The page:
This information needs to be ‘dovetailed’ with Richard Florida’s work — “The Great Reset”. We have to value service work/ labor more than before. We see the need for Teacher’s Assistants and Home Healthcare workers. We may even regard their work as valuable to the delivery of quality in such sectors. The pay must then become more than minimum wage as it exists now and even more than a basic ‘living wage’ and as we continue. As we change our economic nature so must the character, and values evolve.

  6. PeonInChief says:

    And we are going to make customer service representative a good job how?

  7. save_the_rustbelt says:

    I work with health providers nationally and many are preparing contingency plans to layoff workers in response to Medicaid cuts and (longer term) Medicare cuts. Some are already cutting.

    The irony of PPACA is providers may have to layoff clinical staff to hire enough administrative staff.

    Nursing will still have opening as boomer nurses are dropping out due to the physical demands of the job.

  8. David A. Spitzley says:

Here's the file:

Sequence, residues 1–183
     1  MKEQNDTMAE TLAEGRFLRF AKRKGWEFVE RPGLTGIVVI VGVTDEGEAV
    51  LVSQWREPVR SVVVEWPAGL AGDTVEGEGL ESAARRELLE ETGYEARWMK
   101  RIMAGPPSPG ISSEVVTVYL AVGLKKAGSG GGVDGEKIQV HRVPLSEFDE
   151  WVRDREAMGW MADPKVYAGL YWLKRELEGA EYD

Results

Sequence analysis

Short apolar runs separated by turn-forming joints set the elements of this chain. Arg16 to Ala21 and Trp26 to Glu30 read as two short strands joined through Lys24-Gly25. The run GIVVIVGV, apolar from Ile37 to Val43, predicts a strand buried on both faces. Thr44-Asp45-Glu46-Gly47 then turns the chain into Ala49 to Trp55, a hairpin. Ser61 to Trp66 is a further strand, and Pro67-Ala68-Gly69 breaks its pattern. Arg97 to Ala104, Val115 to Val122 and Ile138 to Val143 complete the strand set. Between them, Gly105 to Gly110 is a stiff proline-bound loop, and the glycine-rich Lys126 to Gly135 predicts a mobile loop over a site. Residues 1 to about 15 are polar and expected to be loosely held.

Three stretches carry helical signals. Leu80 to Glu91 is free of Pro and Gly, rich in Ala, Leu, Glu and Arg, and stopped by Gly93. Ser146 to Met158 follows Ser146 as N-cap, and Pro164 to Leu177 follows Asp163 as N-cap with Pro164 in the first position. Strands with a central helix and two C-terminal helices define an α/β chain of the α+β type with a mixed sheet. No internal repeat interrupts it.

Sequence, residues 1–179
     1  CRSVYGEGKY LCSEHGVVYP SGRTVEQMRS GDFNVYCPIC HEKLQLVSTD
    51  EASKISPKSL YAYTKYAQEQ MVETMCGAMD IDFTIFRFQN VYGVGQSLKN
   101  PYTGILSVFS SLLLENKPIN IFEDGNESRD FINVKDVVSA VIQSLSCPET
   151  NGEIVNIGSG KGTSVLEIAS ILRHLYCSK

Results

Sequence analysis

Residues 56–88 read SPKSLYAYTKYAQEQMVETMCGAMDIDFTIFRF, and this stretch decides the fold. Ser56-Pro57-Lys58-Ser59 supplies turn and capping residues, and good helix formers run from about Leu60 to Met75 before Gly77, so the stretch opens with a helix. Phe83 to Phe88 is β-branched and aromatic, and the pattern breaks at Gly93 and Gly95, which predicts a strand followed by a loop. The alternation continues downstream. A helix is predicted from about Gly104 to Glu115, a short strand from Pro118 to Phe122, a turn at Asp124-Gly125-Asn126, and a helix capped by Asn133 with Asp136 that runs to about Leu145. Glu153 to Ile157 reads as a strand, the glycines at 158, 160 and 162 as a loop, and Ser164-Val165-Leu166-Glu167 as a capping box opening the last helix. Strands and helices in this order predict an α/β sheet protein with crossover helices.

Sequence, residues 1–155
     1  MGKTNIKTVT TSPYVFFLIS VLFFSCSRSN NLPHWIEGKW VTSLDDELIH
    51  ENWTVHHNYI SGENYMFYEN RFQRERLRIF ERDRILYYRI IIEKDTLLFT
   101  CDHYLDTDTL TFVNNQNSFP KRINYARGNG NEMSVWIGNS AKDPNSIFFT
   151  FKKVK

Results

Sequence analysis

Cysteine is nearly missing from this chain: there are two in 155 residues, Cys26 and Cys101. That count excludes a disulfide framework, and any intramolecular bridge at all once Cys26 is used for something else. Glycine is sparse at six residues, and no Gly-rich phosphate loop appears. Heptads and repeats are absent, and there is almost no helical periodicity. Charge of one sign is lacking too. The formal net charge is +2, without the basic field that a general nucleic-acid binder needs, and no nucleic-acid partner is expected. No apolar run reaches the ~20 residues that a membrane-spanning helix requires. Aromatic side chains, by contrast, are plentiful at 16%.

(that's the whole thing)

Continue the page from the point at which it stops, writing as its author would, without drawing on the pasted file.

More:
I think it’s important to consider the following: if a certain category of low-paying jobs exist, there must be profits to be made in that market sector which are sufficient to justify the employment created. The question then becomes one of why aren’t those profits benefiting the workers. The EIC and similar redistributive measures are all well and good, but as we’ve seen for decades they are politically fragile. To really solve the problem of the vanishing middle class, ownership needs to begin shifting, not just income. The true long term solution is to encourage creation of cooperatives which turn workers (and in many cases consumers) into owners, with a legal claim on the profits and equity which make the economy work and which have been enriching the 1%. I’m not interested in confiscation (though a confiscatory estate tax on large estates coupled with the option to shelter $1 for every $1 of equity bequeathed on workers and communities has potential), but there are hundreds of places where government policies could be tuned to support a broader distribution of capital.